‘Binge Shame of UK teen girls.’


Alcohol addiction at any age: A cry for help.

This Daily Mail online headline is shocking.

It’s not that fact that hoards of teenagers are engaging in dangerous levels of illegal alcohol consumption. It’s the use of the word ‘shame’ in the headline: the implication is that these pesky, forward teenagers are drinking dangerously whilst sticking two metaphorical fingers up at authority and the law in general.

But the truth is far more complex than that. A recent TV documentary illustrated a case study of teenage drug use as a direct response to family trauma. The Daily Mail article also ignores the role of the drink manufacturers who market alcohol as a panacea for confidence, allure and sophistication. The very attributes that young girls on the threshold of womanhood feel evade them.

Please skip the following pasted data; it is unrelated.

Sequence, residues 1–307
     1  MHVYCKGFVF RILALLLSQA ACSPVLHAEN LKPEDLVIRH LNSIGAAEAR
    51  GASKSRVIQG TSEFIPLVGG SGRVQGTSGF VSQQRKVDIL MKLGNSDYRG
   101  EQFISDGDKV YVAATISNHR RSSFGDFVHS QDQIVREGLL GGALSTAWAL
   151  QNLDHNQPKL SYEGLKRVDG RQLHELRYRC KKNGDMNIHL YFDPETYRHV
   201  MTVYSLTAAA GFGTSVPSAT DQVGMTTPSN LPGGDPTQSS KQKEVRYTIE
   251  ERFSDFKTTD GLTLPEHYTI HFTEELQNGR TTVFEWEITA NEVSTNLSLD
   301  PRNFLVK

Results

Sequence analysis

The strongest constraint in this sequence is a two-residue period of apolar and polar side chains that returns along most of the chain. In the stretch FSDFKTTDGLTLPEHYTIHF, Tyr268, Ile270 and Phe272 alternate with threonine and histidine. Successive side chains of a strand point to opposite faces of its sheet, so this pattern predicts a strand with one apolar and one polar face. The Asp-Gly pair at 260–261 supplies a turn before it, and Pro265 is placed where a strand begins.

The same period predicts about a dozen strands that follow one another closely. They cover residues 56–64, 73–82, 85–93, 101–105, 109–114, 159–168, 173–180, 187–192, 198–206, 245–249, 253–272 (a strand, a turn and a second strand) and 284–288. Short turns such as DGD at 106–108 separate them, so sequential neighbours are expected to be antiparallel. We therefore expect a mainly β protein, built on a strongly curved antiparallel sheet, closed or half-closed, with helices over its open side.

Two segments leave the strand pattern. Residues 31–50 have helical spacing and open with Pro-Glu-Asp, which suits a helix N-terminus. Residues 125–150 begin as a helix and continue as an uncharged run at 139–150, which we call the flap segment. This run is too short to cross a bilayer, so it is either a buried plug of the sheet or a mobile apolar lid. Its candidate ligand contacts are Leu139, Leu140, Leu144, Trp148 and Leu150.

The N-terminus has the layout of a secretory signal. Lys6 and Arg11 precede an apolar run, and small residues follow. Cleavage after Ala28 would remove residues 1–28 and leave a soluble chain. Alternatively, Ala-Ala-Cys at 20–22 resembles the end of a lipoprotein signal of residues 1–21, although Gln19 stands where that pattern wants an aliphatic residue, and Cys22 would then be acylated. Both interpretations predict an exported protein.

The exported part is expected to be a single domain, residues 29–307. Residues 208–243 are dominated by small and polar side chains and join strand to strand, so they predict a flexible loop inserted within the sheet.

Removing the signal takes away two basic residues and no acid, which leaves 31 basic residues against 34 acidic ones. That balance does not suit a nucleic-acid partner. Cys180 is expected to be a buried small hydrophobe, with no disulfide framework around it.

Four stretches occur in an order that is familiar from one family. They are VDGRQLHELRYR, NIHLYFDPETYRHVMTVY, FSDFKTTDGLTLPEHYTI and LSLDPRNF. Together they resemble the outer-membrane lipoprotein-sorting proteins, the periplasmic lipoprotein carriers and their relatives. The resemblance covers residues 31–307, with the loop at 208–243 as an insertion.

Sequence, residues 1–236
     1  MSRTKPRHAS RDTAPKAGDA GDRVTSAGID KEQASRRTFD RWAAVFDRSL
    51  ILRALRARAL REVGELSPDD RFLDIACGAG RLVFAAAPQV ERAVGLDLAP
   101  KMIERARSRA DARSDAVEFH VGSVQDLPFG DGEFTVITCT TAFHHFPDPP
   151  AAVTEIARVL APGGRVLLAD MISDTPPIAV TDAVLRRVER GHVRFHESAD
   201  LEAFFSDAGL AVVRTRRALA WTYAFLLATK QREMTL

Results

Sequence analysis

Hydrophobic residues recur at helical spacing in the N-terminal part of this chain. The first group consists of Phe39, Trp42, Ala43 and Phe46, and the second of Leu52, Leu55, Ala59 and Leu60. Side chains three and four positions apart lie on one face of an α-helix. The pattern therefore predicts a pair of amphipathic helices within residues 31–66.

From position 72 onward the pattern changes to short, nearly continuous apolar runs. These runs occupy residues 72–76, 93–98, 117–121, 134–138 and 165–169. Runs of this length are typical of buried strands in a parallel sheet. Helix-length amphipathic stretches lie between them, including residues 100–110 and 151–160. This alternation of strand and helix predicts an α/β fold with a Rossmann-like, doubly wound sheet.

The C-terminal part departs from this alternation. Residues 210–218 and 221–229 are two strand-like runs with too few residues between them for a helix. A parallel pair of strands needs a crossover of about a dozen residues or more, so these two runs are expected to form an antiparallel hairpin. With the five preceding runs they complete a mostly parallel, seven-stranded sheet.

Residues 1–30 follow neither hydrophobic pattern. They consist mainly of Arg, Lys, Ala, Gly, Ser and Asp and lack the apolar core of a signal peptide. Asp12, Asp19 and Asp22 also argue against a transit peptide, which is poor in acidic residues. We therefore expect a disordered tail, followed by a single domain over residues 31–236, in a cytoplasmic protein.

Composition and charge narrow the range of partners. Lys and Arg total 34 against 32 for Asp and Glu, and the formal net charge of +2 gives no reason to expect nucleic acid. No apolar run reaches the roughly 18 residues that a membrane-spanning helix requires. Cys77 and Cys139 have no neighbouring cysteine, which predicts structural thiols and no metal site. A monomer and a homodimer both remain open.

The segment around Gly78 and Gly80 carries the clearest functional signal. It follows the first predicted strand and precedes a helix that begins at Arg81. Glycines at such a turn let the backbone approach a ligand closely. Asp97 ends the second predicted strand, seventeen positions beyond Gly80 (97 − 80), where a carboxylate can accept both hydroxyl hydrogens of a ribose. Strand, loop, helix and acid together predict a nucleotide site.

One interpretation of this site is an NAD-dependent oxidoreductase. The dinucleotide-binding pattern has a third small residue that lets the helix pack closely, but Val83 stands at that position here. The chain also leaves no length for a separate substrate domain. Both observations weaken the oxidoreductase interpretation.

Richard Darlington, author of the Demos report on which the Mail Online editorial is based, lets the lucrative drinks industry off the hook by saying: “Criticising industry for enticing underage drinkers is only addressing the “supply side” of the problem. Ministers need to address the underlying problems of low self-esteem and poor parenting.”

A YouGov survey found that more than a quarter of girls aged 16 and 17 in Britain, said they drank alcohol to ‘cheer themselves up.’

The current series of Channel 4’s Sex Education Show, which I had the pleasure of taking part in, tackles the issue of the increasing sexualisation of girls as young as 6/7 through clothing sales, the highly provocative music videos they can watch during the day and men’s mags at child’s eye height in major retailers. The pressures on female teens are intense: losing virginity, relationships with family, educational choices, relationships with younger siblings, caring for sick or elderly parents, unplanned pregnancies, financial issues in the family, body image…it goes on and on.

So rather than pile ‘shame’ on young female heads, let’s take a collective societal approach. 

Instead of scorn, shame and ridicule, young women need support, nurturing, love and guidance.  In that, we all have a role to play.

‘Nothing tastes as good as skinny.’http://tinyurl.com/3js524d

© Suzy Rigg

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